In particular by children, but they are the sort of thing that parents can at least sit through and hear about at some length without just tearing their hair out. So they tend to be the most widely known works.
Huodong Lin: [00:04:14] Well, as you said, Pokémon and Disney films, what are different between those?
Dr. Kennell: [00:04:19] So Pokémon is made as well. There’s a basic structural difference, which is that Pokémon is a TV show mainly, and as well as a series of games, right?
Disney focuses, or is best known for their feature length films. Though, they also have the Disney Channel TV shows, but their Disney Channel TV shows are primarily live action. Disney crosses media boundaries very easily and very well these days, in particular.
But Pokémon is always centered on the monsters of the poke. You know, the pocket monsters themselves.
Huodong Lin: [00:04:57] Okay. As we all know that it cost a lot to produce a movie, but I know that it costs more to produce an animation. How’s that possible?
Dr. Kennell: [00:05:08] If you think about it, it makes complete sense. Especially today, anybody can take their smartphone and just film a friend, you know, saying some lines. So the initial costs to make a film is quite low.
The initial cost to make an animation though is much higher. Even if you use computer technology to try to cut back on some of the animation that you have to do, you have to plan out every single key shot and you have to hand create it, invest. Well either way, whether you use computers or not, you need someone who is very skilled at what they’re doing to do it. So you have far more in the way of man hours to create it.
Technology as well, depending on the types of technology needed, can be cheaper. It depends though. Because of course, some of the big blockbusters have so much computer animation, computer graphics and special effects. There’s no difference in costs there.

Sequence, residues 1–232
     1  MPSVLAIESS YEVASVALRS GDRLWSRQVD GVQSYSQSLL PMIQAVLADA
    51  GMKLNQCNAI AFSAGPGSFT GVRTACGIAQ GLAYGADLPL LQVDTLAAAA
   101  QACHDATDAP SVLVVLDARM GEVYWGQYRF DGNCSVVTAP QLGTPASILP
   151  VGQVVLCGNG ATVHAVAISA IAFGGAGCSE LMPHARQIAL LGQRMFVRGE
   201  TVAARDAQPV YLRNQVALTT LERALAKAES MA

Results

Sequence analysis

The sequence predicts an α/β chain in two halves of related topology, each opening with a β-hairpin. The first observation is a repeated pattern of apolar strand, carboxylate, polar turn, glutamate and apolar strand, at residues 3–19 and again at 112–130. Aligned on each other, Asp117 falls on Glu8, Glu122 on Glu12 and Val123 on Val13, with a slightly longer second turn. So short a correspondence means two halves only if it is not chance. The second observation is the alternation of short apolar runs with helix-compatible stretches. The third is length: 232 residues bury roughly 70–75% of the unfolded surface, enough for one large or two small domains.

Huodong Lin: [00:06:10] Alright. I don’t know if you feel the same, but from what I seen and known, that most of the best anime came from Japan. Do you know any other Asian country that will produce good quality of anime?
Dr. Kennell: [00:06:24] So in English, when we say anime, it only refer to Japanese animation. So no other country produces anime, in that sense.
But, actually a lot of anime have sub-contracted workers who are often working in Korea, and the Korean Animation Industry is therefore quite well-developed. Even though you don’t necessarily think of the works themselves when you see them as coming from Korea. There is also a history of animation within China.
Neither industry is as well developed as Japan though. So Japan is kind of the preeminent animation power in Asia.
Huodong Lin: [00:07:07] Okay. So, if there’s a study abroad in animation field, where do you recommend?
Dr. Kennell: [00:07:15] To study abroad within animation? So if you’re going to study abroad for animation, I would suggest Japan.
There aren’t, I think any specific animations, study abroad or animation, focus study abroad programs within Japan. But there are a number of universities and opportunities within the Tokyo area, in particular with Kyoto as sort of a secondary locus of opportunity.
Huodong Lin: [00:07:47] Okay. That sounds good. Here’s that. As a professor, what would you recommend to us as a first starters in the animation field?
Dr. Kennell: [00:07:57] Oh, to get started? So the Studio Ghibli films are wonderful examples of the art form. They are very accessible, and you can see a lot of the techniques that are just at their height or develop to their best within Studio Ghibli films.
Added to that, there is an animator. Well, anything by Kyoto Animation as well is well done. So that’s includes works such as, “The Sound of Your Voice”. I think, but also anything by the animator, Shinkai Makoto, who did the recent world blockbuster, “Your Name”.
Huodong Lin: [00:08:48] Thank you for your time, Dr. Kennell. That is it for today of Getting to Know Asia. Thank you for listening. See you next time.
This podcast was produced in the University at Buffalo Asian Studies Program, November 5th, 2019. Enhao Zheng, Julie Zeng, and Huo Dong Lin wrote, recorded, and produced the podcast.
If you have any questions, please email Asian-Studies@buffalo.edu.